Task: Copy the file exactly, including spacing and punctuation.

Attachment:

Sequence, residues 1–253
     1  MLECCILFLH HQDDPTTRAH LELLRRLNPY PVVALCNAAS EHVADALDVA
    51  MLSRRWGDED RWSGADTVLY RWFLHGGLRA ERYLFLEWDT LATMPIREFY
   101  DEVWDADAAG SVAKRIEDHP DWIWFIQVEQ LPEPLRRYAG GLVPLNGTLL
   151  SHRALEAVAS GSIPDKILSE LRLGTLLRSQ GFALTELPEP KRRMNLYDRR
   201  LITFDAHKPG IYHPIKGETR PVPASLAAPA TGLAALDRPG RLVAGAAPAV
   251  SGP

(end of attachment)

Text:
Sequence, residues 1–253
     1  MLECCILFLH HQDDPTTRAH LELLRRLNPY PVVALCNAAS EHVADALDVA
    51  MLSRRWGDED RWSGADTVLY RWFLHGGLRA ERYLFLEWDT LATMPIREFY
   101  DEVWDADAAG SVAKRIEDHP DWIWFIQVEQ LPEPLRRYAG GLVPLNGTLL
   151  SHRALEAVAS GSIPDKILSE LRLGTLLRSQ GFALTELPEP KRRMNLYDRR
   201  LITFDAHKPG IYHPIKGETR PVPASLAAPA TGLAALDRPG RLVAGAAPAV
   251  SGP